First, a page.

Challenges Abound for Refugees in Malawi
20 June is World Refugee Day. In Malawi, WFP’s monthly distributions cover about 90 percent of food consumed by refugees. Without new contributions, WFP faces critical shortfalls that will aggravate the already fragile food security situation of Dzaleka camp.
Dzaleka Refugee Camp – Malawi’s primary hosting ground for refugees – has swelled to nearly 27,000 people as more and more cross the Malawian border in hope of escaping political insecurity in their home countries. Recent unrest across the border in Mozambique has resulted in an influx of about 8,000 Mozambicans seeking refuge in Malawi, with most of them in Mwanza and Neno districts.
Projections put the total refugee population in Malawi at nearly 57,000 by October 2016. WFP has been providing food assistance in Dzaleka for over two decades, and now also serves those from Mozambique. To continue providing food assistance, WFP urgently requires US$ 8.4 million through March 2017. Without new contributions, food stocks will be depleted by the end of November 2016.
Dzaleka is located 35 km north of the capital city of Lilongwe. While the majority of refugees in Dzaleka come from the Great Lakes and Horn of Africa regions – the Democratic Republic of the Congo (DRC), Burundi, Rwanda, Somalia and Ethiopia – there are also some refugees from Zambia and Zimbabwe.
WFP’s monthly rations – maize, pulses, fortified vegetable oil and fortified, blended food to prevent malnutrition – make up around 90 percent of food consumed by refugees. In Malawi, refugees have limited access to arable land or means of earning a living, rendering them largely dependent on humanitarian assistance.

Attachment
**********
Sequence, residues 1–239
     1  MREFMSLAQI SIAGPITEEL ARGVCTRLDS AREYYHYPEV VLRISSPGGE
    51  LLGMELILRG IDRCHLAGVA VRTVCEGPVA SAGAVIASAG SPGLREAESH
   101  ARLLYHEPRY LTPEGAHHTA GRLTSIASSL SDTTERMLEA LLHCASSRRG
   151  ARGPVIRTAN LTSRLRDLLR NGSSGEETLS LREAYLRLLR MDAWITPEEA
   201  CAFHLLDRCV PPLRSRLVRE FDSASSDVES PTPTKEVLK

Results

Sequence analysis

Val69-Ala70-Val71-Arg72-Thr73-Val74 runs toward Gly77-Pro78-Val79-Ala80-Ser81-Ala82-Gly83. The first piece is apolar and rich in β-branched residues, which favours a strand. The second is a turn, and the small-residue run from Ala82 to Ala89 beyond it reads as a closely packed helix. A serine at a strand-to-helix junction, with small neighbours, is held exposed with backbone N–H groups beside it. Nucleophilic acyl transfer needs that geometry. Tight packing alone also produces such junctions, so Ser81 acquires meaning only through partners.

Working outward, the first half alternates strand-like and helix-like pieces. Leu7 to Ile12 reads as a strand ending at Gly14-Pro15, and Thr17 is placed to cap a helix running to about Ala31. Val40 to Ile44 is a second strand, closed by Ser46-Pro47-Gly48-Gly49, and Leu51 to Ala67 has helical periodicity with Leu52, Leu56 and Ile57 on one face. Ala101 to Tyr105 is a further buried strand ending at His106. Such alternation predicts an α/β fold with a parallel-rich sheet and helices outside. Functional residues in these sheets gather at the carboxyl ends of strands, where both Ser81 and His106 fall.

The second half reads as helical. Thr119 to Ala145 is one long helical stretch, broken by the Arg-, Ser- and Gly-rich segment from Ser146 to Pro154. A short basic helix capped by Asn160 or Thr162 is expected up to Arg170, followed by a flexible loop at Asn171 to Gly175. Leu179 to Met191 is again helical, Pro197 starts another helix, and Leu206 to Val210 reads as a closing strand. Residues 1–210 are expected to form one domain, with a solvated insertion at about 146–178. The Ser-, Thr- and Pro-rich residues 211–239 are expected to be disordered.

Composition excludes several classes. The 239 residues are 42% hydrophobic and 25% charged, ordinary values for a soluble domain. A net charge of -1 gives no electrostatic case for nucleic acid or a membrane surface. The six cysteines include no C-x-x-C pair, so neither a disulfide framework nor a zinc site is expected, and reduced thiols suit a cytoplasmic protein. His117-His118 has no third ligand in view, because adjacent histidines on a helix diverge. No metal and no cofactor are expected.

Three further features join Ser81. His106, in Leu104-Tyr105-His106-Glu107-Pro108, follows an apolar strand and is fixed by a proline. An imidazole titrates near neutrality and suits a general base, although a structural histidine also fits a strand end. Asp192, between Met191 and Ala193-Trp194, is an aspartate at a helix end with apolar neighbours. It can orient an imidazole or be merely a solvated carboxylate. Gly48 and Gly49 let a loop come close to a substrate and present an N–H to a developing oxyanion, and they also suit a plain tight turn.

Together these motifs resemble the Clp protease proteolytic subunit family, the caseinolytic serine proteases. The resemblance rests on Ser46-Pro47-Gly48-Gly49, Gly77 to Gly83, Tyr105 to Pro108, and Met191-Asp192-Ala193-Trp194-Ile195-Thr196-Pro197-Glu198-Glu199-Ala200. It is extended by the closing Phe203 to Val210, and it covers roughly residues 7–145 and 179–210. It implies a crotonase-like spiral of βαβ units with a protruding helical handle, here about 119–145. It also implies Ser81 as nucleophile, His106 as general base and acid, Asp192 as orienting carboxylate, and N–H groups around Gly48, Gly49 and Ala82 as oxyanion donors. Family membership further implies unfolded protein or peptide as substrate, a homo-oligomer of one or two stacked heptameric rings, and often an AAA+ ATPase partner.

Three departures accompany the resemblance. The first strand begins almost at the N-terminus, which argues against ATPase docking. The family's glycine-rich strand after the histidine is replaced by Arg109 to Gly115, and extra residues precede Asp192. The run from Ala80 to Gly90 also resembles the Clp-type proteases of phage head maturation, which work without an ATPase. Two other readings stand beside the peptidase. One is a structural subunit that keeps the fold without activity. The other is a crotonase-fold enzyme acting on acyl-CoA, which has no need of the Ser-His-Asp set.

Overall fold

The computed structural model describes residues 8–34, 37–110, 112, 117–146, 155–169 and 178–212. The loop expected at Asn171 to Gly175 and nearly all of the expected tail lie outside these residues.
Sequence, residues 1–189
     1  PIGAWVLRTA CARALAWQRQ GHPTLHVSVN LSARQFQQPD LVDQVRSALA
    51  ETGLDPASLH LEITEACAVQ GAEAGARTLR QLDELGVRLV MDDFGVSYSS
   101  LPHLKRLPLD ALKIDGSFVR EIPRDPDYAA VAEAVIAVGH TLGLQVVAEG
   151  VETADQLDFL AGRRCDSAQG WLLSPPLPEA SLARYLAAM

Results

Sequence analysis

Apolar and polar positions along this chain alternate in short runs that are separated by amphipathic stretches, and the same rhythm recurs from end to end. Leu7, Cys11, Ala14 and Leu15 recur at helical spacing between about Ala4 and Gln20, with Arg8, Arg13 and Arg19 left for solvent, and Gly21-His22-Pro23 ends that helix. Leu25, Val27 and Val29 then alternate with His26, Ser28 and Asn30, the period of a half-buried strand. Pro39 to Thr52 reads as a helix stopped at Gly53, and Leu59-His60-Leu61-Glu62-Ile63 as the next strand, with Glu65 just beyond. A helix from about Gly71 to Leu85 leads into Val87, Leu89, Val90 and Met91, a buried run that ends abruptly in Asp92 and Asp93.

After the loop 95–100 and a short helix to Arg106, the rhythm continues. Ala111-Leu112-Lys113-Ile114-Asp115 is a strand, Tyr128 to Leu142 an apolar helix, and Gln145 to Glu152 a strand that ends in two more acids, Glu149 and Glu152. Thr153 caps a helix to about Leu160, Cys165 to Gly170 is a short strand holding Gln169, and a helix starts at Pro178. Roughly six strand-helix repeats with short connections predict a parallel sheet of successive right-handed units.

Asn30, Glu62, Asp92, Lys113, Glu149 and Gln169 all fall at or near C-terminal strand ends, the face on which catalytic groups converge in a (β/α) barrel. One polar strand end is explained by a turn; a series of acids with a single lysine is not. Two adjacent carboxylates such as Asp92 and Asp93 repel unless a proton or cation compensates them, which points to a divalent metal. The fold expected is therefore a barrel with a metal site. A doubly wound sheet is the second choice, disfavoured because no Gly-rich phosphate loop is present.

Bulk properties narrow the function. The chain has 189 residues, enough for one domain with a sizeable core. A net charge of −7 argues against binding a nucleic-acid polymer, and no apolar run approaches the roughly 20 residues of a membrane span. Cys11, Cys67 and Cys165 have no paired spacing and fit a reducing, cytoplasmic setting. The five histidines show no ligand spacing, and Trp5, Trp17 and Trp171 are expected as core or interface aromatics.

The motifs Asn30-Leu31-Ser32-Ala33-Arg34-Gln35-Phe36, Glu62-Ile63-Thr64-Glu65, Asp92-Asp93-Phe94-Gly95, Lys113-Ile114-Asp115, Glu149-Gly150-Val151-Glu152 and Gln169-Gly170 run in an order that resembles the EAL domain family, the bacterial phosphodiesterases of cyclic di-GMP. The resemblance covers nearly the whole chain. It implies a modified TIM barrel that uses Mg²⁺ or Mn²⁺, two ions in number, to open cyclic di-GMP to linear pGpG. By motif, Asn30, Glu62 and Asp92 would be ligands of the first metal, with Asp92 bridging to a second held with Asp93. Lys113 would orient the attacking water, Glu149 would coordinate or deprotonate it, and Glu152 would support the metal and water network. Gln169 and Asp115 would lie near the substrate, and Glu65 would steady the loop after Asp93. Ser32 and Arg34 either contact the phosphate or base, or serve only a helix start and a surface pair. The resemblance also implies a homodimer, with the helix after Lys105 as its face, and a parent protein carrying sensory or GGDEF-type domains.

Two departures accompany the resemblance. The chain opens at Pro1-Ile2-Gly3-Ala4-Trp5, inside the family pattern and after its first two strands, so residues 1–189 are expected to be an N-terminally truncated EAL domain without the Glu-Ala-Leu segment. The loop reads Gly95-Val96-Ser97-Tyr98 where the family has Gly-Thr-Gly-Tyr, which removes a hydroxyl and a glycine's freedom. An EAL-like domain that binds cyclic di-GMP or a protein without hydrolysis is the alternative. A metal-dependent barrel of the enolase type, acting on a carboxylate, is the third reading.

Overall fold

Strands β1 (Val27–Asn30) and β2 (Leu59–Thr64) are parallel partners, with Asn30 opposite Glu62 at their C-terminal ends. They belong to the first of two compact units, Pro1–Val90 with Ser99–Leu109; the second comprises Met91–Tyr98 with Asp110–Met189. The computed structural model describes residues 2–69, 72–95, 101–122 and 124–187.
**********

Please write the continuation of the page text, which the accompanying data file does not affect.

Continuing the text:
“My entire family depends on the WFP ration because we cannot afford to buy anything else” says Echoia Asukulu (38), married with 10 children.
WFP’s food assistance plays a crucial role in meeting the basic food needs of refugees and helping prevent malnutrition. Since WFP began providing fortified, blended food and fortified vegetable oil, prevalence of anaemia among children under five years has decreased by 8 percent.
The severity of the shortfalls cannot be underscored: for some months in 2015, WFP was forced to reduce rations by half. Such cuts drive refugees to adopt negative coping mechanisms, including early marriage, so-called survival sex by women and girls, and school drop-outs.
New contributions will enable WFP to resume provisions of full food rations, ensuring the nutritional status of all refugees. WFP is also attempting to shift to a combination of cash-based transfers (CBTs) and in-kind food distributions at Dzaleka, though there is no secured funding for the provision of cash. CBTs give dignity, flexibility and choice to the recipient, as s/he can choose what food items are needed most. Given the diversity of cultural backgrounds represented at Dzaleka, this could be an important step forward in giving some autonomy to the camp’s population.